Simple Blood Test ‘Predicts Heart Attack, Stroke Risk’

A simple blood test can foretell with strong probability a person’s risk of heart attack or stroke and the likelihood cardiovascular disease sufferers will die of their illness, according to a US study published this week.

The research, involving 987 men and women suffering from stable coronary disease, found that a higher level of the protein NT-proBNP in blood meant a higher risk of heart attack, stroke, heart failure or death.

“After adjusting for all other risk factors, it’s clear that this marker is picking up something that we are otherwise unable to detect with standard tests such as echocardiography,” said Mary Whooley, lead investigator and a physician at the San Francisco VA Medical Center in California.

The findings appeared in the January 10 edition of the Journal of the American Medical Association (JAMA).

The NT-proBNP protein is a marker in the blood for the hormone BNP, which “goes up during times of cardiac stretch or stress,” Whooley explained.

“When the heart wall is over-expanded by too much blood volume, or damaged by lack of blood flow to the heart itself, BNP goes up, and NT-proBNP along with it,” she said.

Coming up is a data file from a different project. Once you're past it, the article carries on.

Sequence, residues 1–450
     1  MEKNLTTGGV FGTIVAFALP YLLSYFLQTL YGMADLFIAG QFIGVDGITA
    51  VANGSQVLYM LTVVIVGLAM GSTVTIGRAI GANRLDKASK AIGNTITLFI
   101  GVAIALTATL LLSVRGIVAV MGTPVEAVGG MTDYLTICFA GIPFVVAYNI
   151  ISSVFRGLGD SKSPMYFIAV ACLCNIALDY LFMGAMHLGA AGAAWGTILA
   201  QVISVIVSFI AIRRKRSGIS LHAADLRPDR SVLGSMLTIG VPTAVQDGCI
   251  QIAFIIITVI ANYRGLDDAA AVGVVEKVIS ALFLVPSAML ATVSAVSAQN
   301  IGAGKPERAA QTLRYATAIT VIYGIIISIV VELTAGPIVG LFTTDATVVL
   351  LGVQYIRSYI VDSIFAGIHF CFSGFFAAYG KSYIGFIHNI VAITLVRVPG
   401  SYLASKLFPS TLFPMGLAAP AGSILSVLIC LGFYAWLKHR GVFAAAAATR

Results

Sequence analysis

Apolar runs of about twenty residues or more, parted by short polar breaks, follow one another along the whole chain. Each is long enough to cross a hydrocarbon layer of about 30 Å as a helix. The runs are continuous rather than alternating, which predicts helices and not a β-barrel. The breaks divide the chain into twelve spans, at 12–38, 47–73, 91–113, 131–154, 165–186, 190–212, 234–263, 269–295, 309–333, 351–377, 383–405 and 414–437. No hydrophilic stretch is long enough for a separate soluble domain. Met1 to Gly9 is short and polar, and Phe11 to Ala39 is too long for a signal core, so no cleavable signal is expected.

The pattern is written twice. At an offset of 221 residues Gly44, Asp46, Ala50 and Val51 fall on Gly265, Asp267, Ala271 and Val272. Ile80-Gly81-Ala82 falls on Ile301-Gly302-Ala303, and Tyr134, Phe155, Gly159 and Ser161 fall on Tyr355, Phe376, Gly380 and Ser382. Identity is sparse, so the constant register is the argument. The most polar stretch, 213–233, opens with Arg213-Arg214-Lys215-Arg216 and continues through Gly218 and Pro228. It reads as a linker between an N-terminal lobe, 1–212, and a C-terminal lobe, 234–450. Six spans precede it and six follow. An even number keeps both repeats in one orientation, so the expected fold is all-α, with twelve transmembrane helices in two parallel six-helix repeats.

The patients in the study were divided into four groups with varying blood levels of NT-proBNP, and were each followed for an average of 3.7 years.

Twenty-six percent of them died or suffered some level of heart failure during the study.

Patients in the group with the highest levels of NT-proBNP were 3.4 times more likely to die or have a heart attack or stroke than patients with the lowest levels of the biological marker.

Whooley cautioned that the test should only be ordered for patients with known coronary heart disease. For others in seemingly good health, its usefulness is limited, she said.

“It’s much better at predicting risk in a population with a high incidence of heart disease,” she said.

The study was funded by the Robert Wood Johnson Foundation and the National Heart, Lung and Blood Institute, a branch of the US National Institutes of Health.

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